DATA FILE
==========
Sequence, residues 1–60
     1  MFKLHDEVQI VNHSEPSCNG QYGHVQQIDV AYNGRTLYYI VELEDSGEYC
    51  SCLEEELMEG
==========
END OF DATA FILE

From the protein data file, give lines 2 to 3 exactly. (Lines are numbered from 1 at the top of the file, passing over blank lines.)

     1  MFKLHDEVQI VNHSEPSCNG QYGHVQQIDV AYNGRTLYYI VELEDSGEYC
    51  SCLEEELMEG